Blight authority to level 35-block area, 68 homes in northwest Detroit

A nonprofit campaign to purge blight from large swaths of Detroit is now targeting a 35-block area in a largely abandoned section of Brightmoor, commonly nicknamed “Blightmoor.”

The Detroit Blight Authority, a nonprofit team dedicated to massive cleanups, announced today that nearly 70 homes would be demolished and hundreds of lots cleaned up this year in a plan that would cost about $900,000 in donations and grants.

The authority was created last year and initially leveled 10-12 blocks of blighted land bound by Chene, St. Aubin, Pierce and Wilkins near the Eastern Market in February. At the center of the project is Bill Pulte, grandson of the founder of Pulte Homes. He and his team met with then-Mayor Dave Bing in December 2012 and hashed out the plan.

The latest area in Brightmoor is riddled with abandoned, burned-out homes, dead trees and discarded tires and garbage. There are no plans for the property once it’s cleaned up, officials said.

The land near the Eastern Market remains empty, but it’s maintained.

Officials said massive, expensive cleanups such as these are required to clean up a city that has more than 85,000 abandoned structures across 139.5 square miles.

The group has managed to demolish houses at a cost of less than $5,000 – or about half of what Detroit pays to raze homes.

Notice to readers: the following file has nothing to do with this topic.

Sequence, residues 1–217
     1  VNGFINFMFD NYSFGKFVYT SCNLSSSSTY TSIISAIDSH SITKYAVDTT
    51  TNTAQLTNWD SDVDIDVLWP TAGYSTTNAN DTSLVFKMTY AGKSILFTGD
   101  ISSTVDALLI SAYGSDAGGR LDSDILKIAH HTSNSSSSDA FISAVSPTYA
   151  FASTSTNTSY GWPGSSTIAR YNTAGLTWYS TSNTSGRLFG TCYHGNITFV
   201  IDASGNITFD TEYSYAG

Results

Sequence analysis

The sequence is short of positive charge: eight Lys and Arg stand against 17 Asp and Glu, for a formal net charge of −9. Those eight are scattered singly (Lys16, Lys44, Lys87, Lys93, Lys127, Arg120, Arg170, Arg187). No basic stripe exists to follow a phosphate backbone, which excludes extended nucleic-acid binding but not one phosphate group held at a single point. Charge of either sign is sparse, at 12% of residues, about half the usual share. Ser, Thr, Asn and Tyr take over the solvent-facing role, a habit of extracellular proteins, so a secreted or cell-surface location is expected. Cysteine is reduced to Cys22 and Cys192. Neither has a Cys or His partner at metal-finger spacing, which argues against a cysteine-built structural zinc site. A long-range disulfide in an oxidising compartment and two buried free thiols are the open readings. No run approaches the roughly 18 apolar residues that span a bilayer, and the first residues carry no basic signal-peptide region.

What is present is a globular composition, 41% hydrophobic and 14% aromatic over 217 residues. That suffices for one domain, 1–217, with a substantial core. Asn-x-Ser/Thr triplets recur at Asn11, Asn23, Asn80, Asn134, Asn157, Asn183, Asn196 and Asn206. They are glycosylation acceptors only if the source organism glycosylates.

Steve Neavling

Steve Neavling lives and works in Detroit as an investigative journalist. His stories have uncovered corruption, led to arrests and reforms and prompted FBI investigations.

  • Wow that area does look pretty destitute.

    John Westridge

  • Jeff Scott

    The blight around city airport is almost gone. The land should be repurposed to expand City Airport bringing regular commercial passenger service back into the city instead of all flights flying in and out of DTW, the location could bring businesses and people back into the city directly, and connecting the airport with a LRT line into the core could really revitalize downtown and give the city the rebirth it needs, the project does not even need city money, federal funds and airport authority funds could practically pay for this – this could make the core of the city a centralized and regional transportation hub connecting City Airport to Amtrak, SmartBuses and LRT’s making the core more of an effective Live-Work-Travel area. Toronto has two passenger airports as well – The Metro, which is a long way from the core, and The Island which is practically downtown, connected by a five minute ferry ride into the core, the industrial waterfront has turned into a very strong live-work-travel area, with young people planting firm routes who may not have access to, or can afford a car.